Photo showing skyline of Texas Medical Center

After Record-Breaking Rains, a Major Medical Center's Hazard Mitigation Plan Improves Resilience

Widespread damage from flooding at the Texas Medical Center in Houston revealed the complex's vulnerabilities. Implementing a long-term hazard mitigation plan is reducing future risks.

Climate stressors and impacts

Climate scientists predict that climate change will significantly affect rainfall patterns in the United States. They note that the frequency of heavy downpours has already increased, resulting in an increased risk of flooding in some areas. Such flooding is a great risk to medical facilities: in 2001, downtown Houston, Texas, faced an historic 1,000-year flood as a result of Tropical Storm Allison. Though the city is more than 80 miles inland, Allison hovered over the region for days, dumping more than three feet of rain on the Houston metro area. Allison left 22 dead and caused almost $5 billion in damage to Harris County alone.

The flooding caused by Allison virtually shut down the 700-acre Texas Medical Center complex, the largest aggregated medical campus in the United States. Flood waters crippled the infrastructure of the Center, which at the time included 13 hospitals, two specialty institutions, two medical schools, four nursing schools, and other schools for various health-related professions. The Center’s emergency generators, electrical switchgear, and boiler and chiller plants all sustained water damage. Worse still, about 30,000 research animals housed in the basement of Baylor College of Medicine drowned. Altogether, the loss of lab animals, computer data, records, and tissue samples meant that medical researchers saw years of their work destroyed.

Planning ahead and engaging others

In the aftermath of the flooding, the Texas Medical Center organization, which acts as a sort of “city government” for the institutions that make up Texas Medical Center, realized that the Center’s infrastructure needed a major overhaul in order to withstand future floods. As a result, all of the Center’s institutions relocated their critical infrastructure and program areas above projected flood elevations, a process that took years to complete.

To accompany this infrastructure upgrade, the Texas Medical Center organization also developed a long-term hazard mitigation plan. The plan, which is still being implemented, incorporates 42 proactive, sustainable design measures to reduce the impact of future extreme weather events. In designing this plan, Texas Medical Center consulted with hydrology experts, officials from the city of Houston, the Federal Emergency Management Agency (FEMA), the Harris County Flood Control District, the Harris County Subsidence District, Reliant Energy, Southwestern Bell, and others. To be effective, the organization realized that the plan would require the engagement of a broad range of stakeholders.

Powering resilience

Immediately after the storm, many systems were non-operational: electrical power; emergency electrical power; heating, ventilation, and air conditioning (HVAC); laboratory and fume hood exhaust systems; domestic cold and hot water; compressed air and vacuum systems; fire detection and suppression systems; and basement sanitary and storm sewer systems all failed. Such systemic failure was possible because the interconnected basements linking the Center’s more than 100 buildings contained vital systems, such as the incoming service from Houston Light and Power (5kV), as well as several unit substations. Motor control centers, distribution panels, and transformers had also been installed in basements, where they were extremely vulnerable to flooding. Although many of the basement tunnels had been equipped with flood control devices after a storm in the 1960s, no one remembered that the devices existed, given the time that had elapsed between events.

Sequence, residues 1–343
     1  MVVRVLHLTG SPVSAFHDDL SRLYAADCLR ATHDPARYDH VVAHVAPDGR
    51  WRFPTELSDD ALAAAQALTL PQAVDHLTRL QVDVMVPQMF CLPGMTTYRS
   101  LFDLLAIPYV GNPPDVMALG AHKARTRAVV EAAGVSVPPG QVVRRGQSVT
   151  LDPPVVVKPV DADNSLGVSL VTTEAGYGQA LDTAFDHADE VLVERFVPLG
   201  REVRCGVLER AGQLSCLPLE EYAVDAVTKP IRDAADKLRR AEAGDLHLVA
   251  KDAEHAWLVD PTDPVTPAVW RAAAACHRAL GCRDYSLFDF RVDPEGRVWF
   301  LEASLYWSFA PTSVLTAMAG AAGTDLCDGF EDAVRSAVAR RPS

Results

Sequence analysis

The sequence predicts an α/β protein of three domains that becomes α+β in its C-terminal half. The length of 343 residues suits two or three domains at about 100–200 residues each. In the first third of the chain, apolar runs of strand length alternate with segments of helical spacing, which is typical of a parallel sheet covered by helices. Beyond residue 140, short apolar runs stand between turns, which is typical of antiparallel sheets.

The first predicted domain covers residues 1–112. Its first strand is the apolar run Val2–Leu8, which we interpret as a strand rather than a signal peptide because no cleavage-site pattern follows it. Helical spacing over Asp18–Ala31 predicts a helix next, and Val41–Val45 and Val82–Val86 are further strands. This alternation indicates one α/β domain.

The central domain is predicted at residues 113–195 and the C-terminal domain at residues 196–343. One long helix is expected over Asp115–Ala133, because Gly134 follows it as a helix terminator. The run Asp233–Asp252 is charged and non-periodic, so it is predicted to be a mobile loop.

To avoid a repeat of the Allison disaster, a new 48-megawatt combined heat and power utility plant (managed by an independent medical campus power company) was placed above anticipated flood elevation on the central campus. Because severe flooding poses a much greater threat to the Texas Medical Center than does wind, power service is delivered via an elevated utility raceway that also serves as a pedestrian walkway. The plant eliminates dependence on the Houston utility grid for power during both normal and emergency operations, and reduces carbon emissions by bringing electrical generation on-site.

Reducing subsidence

Texas Medical Center has also installed a solar-powered system to monitor subsidence in the area. Subsidence, or the sinking of land, can occur when more water is withdrawn from the ground than is replaced through absorption of rainwater. The extent of impermeable surfaces such as streets and parking lots is one factor that can prevent water from being absorbed back into the ground. Since 1976, the Center has subsided more than three and a half feet. To keep new buildings at elevations high enough to be safe from future flooding, architects and planners must take this process into account.

Restoring or improving an area’s ability to absorb water may reduce subsidence. Thus, Texas Medical Center has implemented a stormwater management plan that increases green space and improves water absorption through advanced landscaping techniques and permeable paving systems. Every new development on campus, as well as improvement projects that involve streets and sidewalks, must follow stormwater management guidelines. Designs based on these guidelines will improve absorption by integrating landscape features and water drainage across the campus.

Banner Image Credit
Aachor. CC BY-SA 3.0, http://creativecommons.org/licenses/by-sa/3.0/deed.en, via Wikimedia Commons.
Last modified
17 January 2017 - 3:38pm